What I usually do with all these apples is can a couple of batches each of sauce and chutney. This year, though, we don’t need sauce as we’re still working our way through a half dozen quarts from last autumn, and I don’t have the time to make chutney, what with all the chopping and stirring that entails. Instead, I’m making pies and muffins for the freezer and crisps for us to eat. We probably don’t need such a steady infusion of baked sugary goodness in our sleep-deprived state…oh, wait, of course we do! I plan to make a cake or two, possibly also for the freezer, but the big addition to the apple roster this year was apple butter. I used my crock pot for only the third time in ten years to slow cook the apple butter, which made it super easy to deal with. The canning is not onerous, now that we have all the supplies and have been through the routine dozens of times. With the slow cooker it’s not necessary to stir the pot constantly to keep it from scorching, and we set it up to cook overnight. I did end up letting it cook with the top off for an additional two hours, as it was still pretty runny in the morning. It’s delicious; I’ve been having it on toast and will probably make another batch this week. Once that’s done, the rest of the apples will be for eating; the beauty of the Pink Ladies is that they keep in the fridge forever and provide something fresh for my partner’s bag lunches for most of the winter.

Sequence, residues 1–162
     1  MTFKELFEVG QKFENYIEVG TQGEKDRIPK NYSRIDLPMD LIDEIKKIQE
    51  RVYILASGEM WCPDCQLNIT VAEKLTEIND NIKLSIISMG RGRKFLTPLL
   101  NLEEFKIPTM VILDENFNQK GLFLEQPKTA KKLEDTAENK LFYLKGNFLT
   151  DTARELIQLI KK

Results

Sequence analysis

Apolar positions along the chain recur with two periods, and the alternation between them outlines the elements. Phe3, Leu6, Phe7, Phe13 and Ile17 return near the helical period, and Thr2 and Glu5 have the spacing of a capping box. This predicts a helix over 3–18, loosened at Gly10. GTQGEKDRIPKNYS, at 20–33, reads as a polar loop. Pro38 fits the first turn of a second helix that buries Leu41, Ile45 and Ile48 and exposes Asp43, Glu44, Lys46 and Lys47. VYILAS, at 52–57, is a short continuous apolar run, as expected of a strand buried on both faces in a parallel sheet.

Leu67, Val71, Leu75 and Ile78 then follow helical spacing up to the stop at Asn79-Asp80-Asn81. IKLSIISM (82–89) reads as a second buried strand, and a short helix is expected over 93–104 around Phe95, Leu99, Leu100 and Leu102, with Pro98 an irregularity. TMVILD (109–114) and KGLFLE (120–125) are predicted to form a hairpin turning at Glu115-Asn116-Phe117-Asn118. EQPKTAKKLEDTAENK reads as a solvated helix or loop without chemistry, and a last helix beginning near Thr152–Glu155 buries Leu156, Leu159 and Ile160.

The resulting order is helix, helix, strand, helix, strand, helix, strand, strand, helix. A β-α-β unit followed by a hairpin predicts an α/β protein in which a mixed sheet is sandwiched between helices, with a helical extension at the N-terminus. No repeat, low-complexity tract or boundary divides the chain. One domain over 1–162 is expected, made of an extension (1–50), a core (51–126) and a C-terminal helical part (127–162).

As an aside, the chutney recipe I use is from one of my favorite cookbooks, Simply In Season. When I went looking for it online, I came across a person who spent last year cooking all the recipes in the book. She blogged about it , and it’s fun to read through and see how recipes I’ve made or thought of making turned out for her. I have to say, it’s also nice to see one of these make-everything-in-a-cookbook-in-a-year blogs that uses a regular cookbook rather than a coffee table book from a gourmet restaurant. Not that there’s anything wrong with those, they’re just not ever going to be what I use in my kitchen.

food : apple time is here again

food : blueberries